Virginia residents embroiled in a child support dispute can sympathize with the plight of many custodial parents who are not receiving child support payments on a regular basis. In a case in which the custodial parent is from a low-income family, or even in a case in which the non-custodial parent was the sole breadwinner in the family prior to the divorce, the custodial parent often depends on the non-custodial parent's payments for the necessary expenses associated with a child's upbringing. In the event of a non-custodial parent who is repeatedly either late or doesn't meet the child support obligations at all, the custodial parent and the minor children can experience major financial hardship.
Virginia has several laws and enforcement agencies that can help the custodial parent to get the child support order enforced. In extreme, rare cases, the custodial parent can get help from federal agencies in order enforce the child support payment order under the Child Support Recovery Act of 1992. However, it must be noted that federal laws are enforced only in extreme cases in which the non-payment of child support can attract federal charges and offenses.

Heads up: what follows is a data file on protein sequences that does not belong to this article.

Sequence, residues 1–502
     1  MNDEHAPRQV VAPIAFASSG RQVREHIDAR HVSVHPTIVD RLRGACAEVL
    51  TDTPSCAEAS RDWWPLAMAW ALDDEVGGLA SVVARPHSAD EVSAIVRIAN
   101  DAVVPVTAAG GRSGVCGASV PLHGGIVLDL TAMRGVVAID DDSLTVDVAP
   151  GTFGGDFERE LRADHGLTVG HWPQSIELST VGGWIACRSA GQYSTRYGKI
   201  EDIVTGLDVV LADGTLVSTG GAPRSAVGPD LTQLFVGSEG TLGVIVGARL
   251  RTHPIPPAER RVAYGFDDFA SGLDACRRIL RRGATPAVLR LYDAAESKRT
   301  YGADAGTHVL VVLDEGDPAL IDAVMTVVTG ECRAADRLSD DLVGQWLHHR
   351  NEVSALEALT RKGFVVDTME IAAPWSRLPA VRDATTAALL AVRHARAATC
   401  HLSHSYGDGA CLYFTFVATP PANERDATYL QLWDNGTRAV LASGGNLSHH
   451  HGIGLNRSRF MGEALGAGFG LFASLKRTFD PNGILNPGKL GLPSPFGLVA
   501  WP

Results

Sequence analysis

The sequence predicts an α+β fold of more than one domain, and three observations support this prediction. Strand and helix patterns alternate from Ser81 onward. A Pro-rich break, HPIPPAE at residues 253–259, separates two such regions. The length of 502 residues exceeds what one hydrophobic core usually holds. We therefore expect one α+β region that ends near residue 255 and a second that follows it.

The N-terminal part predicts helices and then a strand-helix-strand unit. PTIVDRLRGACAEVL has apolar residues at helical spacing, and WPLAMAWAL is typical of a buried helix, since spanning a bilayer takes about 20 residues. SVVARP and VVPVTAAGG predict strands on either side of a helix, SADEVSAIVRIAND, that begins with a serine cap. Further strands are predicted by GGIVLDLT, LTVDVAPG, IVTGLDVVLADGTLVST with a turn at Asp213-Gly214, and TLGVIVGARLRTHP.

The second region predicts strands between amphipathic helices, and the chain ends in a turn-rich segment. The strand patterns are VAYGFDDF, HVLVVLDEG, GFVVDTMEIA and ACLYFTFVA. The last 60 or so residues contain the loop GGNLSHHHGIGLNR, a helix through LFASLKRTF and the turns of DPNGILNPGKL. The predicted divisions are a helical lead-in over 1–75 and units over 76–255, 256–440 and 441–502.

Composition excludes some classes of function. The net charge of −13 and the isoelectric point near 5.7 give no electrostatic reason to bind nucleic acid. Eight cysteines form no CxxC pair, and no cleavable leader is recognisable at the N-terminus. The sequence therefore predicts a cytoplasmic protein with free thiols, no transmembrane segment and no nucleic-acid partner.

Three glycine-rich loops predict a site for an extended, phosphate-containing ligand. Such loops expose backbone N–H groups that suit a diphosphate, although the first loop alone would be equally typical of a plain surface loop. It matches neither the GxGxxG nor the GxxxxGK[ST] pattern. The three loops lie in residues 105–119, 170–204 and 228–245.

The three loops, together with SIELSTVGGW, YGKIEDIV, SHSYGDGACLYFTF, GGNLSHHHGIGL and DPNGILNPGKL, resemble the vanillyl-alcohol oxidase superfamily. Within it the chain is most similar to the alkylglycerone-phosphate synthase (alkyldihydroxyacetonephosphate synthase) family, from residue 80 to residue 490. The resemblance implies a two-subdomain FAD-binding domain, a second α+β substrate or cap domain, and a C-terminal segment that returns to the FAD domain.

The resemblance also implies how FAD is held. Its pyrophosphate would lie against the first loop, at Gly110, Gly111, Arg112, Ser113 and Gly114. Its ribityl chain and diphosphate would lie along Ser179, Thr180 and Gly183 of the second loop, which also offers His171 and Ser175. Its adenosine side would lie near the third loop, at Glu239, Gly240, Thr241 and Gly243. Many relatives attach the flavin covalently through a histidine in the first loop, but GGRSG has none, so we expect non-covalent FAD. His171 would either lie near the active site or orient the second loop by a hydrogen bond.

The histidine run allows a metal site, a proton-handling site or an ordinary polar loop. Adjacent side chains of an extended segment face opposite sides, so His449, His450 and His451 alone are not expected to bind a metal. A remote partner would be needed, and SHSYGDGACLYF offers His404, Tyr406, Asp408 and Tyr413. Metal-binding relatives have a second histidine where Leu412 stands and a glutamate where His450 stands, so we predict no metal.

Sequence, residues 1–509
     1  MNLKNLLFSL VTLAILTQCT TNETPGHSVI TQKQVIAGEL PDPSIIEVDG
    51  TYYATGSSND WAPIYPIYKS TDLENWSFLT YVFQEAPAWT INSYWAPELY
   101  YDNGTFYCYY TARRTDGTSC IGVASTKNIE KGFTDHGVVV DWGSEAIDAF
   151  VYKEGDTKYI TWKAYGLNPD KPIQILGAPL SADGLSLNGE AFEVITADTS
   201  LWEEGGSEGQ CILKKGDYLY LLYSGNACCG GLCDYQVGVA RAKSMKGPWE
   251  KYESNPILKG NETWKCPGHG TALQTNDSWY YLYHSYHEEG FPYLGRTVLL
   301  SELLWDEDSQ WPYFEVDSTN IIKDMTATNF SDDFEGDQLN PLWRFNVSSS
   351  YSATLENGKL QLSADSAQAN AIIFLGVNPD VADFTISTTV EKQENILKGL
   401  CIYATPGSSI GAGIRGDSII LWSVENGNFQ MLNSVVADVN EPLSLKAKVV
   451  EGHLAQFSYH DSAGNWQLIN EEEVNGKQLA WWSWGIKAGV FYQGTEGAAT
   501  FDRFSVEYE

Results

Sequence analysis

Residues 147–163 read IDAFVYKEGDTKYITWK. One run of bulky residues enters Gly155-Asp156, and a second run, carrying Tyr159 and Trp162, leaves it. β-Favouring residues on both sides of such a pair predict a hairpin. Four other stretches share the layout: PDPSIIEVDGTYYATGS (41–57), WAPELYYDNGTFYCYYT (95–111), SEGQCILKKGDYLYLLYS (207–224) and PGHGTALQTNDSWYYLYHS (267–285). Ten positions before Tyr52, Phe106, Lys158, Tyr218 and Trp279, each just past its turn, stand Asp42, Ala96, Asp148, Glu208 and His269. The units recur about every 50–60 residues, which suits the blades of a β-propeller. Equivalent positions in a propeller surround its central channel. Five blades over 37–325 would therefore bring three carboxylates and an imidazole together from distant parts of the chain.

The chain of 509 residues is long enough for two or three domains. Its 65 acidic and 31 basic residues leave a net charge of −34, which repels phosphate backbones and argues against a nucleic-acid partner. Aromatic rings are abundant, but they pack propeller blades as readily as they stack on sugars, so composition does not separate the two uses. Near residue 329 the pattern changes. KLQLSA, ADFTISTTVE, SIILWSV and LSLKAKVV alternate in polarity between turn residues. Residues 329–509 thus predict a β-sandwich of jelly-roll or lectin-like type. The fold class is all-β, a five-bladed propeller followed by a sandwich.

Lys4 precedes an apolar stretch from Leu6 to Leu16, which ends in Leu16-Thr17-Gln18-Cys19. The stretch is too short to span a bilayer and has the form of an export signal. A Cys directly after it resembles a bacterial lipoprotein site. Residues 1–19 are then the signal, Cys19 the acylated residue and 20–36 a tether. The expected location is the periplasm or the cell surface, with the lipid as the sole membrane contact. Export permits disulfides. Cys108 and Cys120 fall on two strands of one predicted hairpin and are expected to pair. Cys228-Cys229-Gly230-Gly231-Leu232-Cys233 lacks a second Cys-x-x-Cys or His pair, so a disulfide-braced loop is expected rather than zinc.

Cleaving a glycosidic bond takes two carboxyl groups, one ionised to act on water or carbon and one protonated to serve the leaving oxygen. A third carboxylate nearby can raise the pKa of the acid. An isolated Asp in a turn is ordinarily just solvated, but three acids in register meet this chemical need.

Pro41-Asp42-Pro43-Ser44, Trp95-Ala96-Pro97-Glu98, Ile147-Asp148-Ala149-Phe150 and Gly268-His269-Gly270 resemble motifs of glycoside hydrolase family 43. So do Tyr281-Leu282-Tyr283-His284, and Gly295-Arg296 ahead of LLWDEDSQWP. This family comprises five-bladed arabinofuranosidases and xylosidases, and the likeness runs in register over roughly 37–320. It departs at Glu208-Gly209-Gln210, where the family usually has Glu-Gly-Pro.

Under the CSRA, only misdemeanor charges can be pursued by the federal authorities. However, it was found throughout time that there with some non-custodial parents, especially those who had very little bond with the child or even the custodial parent, that mere misdemeanor charges did not act as an effective deterrent to the parent's defaulting behavior.
Thus, a new Act was established under the Deadbeat Parents Punishment Act in 1998, which helped federal authorities pursue not only misdemeanor charges, but also felony charges in extreme cases, which can help to obtain justice for the custodial parent and the minor children.
Source: Justice.gov, "Child support enforcement," Accessed on Aug. 13, 2015